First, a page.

Pritzker’s efforts to defeat Irvin in the GOP primarily symbolize the bitter relationship between the state’s billionaire governor and Griffin. Griffin had frequently cited fears of crime in Chicago as a potential reason for moving Citadel, blaming Pritzker and his policies but not Mayor Lori Lightfoot, including at an October 2021 event at the Economic Club of Chicago.
In the November 2020 election, Griffin spent $53.75 million to oppose Pritzker’s signature agenda item, a proposed constitutional amendment rejected by voters to change the state from a flat-rate income tax to a graduated-rate levy. Pritzker spent $58 million to encourage his passage.
In the 2018 governor’s race, Griffin gave one-term Republican Gov. Bruce Rauner $22.5 million in his losing reelection effort against Pritzker, who spent more than $170 million of his own money on his campaign. Griffin gave Rauner $13.5 million for Rauner’s winning 2014 effort.
Also in 2020, Griffin pumped $4.5 million into a group that opposed the retention of Democratic Illinois Supreme Court Justice Thomas Kilbride. Kilbride went on to become the first court justice to lose a retention vote. This time around, with elections outside of Cook County for a redistricted Supreme Court, Griffin has given the group more than $6.25 million.
Since 2002, Illinois State Board of Elections records show, Griffin has contributed $179 million to state and local candidates, mainly Republicans, and organizations. But Griffin was also a financial supporter of Chicago Mayors Richard M. Daley and Rahm Emanuel.
In May, Griffin announced he was donating $25 million to launch two academies based at the University of Chicago to provide advanced police training to law enforcement leaders and violence interruption organizations.
Griffin has also given roughly $40 million to various outside groups seeking to influence the outcome of congressional races across the country in the midterm elections. That has made him one of the top individual donors in the nation involved in reshaping Congress this cycle.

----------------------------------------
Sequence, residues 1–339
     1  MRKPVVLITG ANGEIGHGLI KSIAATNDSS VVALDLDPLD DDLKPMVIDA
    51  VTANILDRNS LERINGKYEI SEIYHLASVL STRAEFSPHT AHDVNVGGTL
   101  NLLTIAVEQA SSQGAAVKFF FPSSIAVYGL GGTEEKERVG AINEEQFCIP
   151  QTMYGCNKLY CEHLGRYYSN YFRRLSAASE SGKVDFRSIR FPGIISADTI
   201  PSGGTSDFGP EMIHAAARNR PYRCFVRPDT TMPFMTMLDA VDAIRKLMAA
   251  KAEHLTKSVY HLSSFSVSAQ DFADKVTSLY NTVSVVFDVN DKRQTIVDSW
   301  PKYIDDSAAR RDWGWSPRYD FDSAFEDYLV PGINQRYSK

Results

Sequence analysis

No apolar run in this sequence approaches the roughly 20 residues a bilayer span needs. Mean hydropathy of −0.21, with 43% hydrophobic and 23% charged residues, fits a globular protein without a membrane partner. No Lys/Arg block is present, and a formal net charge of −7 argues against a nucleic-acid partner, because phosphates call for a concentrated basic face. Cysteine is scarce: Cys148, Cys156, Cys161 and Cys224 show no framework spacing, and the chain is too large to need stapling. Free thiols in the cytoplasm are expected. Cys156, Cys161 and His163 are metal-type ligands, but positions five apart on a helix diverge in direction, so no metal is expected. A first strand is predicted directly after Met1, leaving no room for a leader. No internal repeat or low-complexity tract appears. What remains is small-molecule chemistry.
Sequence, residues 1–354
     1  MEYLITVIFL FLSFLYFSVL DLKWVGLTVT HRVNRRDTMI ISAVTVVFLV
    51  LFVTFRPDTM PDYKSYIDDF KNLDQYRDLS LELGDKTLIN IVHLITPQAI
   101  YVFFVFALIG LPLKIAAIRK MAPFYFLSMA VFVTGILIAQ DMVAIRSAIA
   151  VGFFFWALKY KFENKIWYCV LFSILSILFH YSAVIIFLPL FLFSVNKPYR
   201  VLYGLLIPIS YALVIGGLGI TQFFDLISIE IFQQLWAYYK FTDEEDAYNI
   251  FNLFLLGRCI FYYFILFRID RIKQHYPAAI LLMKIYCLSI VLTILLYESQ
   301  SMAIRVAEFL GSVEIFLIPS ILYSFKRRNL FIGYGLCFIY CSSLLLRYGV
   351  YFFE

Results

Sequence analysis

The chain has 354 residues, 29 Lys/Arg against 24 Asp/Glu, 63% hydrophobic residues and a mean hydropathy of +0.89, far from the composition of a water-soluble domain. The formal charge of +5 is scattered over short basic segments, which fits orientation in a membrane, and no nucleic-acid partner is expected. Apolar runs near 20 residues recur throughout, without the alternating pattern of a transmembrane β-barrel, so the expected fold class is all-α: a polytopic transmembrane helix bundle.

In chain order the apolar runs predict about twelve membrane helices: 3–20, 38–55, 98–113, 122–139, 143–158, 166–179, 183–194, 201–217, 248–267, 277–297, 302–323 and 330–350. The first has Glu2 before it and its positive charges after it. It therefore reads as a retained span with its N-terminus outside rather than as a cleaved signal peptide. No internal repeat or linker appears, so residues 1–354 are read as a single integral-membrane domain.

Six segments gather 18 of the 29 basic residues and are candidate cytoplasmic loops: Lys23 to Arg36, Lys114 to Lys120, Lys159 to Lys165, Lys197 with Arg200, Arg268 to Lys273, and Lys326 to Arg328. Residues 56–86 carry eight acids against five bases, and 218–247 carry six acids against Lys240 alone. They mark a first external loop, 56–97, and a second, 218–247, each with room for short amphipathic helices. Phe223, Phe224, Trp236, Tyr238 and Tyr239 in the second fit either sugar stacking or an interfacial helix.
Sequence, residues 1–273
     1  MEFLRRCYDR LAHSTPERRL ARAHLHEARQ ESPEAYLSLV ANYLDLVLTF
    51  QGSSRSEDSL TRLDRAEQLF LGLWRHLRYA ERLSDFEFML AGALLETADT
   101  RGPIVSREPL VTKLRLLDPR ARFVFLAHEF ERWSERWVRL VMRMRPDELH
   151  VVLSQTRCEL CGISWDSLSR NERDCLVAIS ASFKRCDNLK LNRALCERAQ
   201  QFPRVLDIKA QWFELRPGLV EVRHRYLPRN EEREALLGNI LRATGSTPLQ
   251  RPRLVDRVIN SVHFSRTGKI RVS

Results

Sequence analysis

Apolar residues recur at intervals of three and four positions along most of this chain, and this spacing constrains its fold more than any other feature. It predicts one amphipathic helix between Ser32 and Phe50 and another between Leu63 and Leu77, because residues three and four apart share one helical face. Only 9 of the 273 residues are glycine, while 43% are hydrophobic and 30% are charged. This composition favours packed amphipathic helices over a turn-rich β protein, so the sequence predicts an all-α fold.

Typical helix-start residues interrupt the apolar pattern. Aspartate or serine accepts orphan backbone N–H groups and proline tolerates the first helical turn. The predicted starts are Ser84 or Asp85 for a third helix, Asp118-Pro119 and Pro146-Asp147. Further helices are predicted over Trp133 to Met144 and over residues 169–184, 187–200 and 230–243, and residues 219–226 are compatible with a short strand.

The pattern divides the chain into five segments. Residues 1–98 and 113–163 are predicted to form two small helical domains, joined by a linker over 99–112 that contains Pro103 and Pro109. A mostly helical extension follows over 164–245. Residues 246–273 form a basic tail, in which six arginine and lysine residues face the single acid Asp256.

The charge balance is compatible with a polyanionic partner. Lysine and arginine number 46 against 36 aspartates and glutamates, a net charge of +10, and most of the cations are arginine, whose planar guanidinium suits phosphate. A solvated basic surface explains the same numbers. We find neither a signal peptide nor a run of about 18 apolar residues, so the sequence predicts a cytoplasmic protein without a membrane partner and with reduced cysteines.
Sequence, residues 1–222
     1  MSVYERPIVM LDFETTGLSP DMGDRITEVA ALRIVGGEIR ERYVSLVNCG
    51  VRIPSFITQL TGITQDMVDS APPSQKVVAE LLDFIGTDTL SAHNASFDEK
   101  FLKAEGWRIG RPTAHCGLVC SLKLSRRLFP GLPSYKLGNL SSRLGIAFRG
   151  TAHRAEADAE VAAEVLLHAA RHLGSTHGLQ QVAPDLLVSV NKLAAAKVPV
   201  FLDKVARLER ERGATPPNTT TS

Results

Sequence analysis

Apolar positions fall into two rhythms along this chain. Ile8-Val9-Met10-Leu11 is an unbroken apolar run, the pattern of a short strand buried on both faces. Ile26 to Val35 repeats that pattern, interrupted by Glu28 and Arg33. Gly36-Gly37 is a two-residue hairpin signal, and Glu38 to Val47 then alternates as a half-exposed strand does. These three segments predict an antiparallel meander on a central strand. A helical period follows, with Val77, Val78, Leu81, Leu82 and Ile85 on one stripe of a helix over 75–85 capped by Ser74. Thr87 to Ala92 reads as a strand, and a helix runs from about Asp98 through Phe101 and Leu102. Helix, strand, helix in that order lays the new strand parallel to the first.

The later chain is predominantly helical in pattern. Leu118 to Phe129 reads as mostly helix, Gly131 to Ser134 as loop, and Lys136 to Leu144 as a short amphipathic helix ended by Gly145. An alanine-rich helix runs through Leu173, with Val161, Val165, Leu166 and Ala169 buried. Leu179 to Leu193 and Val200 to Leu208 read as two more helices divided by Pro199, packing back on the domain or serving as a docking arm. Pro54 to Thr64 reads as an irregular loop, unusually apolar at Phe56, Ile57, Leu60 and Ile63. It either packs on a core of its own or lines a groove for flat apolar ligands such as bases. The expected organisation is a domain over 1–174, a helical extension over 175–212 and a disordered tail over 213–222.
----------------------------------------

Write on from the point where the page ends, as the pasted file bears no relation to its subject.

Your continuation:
Griffin is also the top individual donor to Florida Gov. Ron DeSantis, giving him $5 million.
If he decides to devote his resources to Florida, Griffin’s departure could mean an even more depleted fundraising future for Illinois Republicans who had counted on his wealth to help in part make up for Pritzker’s lavish spending on Democrats.
While Republicans pounced on the news to blast Democratic leadership in Illinois and Chicago, at least one leading Chicago Democrat did not shed many tears about Citadel’s leaving.
US Rep. Jesus “Chuy” Garcia of Chicago said the news of Citadel’s move “doesn’t come as a great shock” since Griffin previously had been moving jobs out of Illinois.
“I guess he feels more welcome as a Republican, as an archconservative, in a state where DeSantis is governor,” Garcia, a progressive Democrat, said before an appearance at the National Association of Latino Elected and Appointed Officials, which is holding its annual meeting in Chicago. “I wish his employees well.”
But Garcia said he also won’t be surprised if Griffin continues “meddling” in Illinois politics from his new locale.
“Billionaires can still affect elections, no matter where they are,” he said.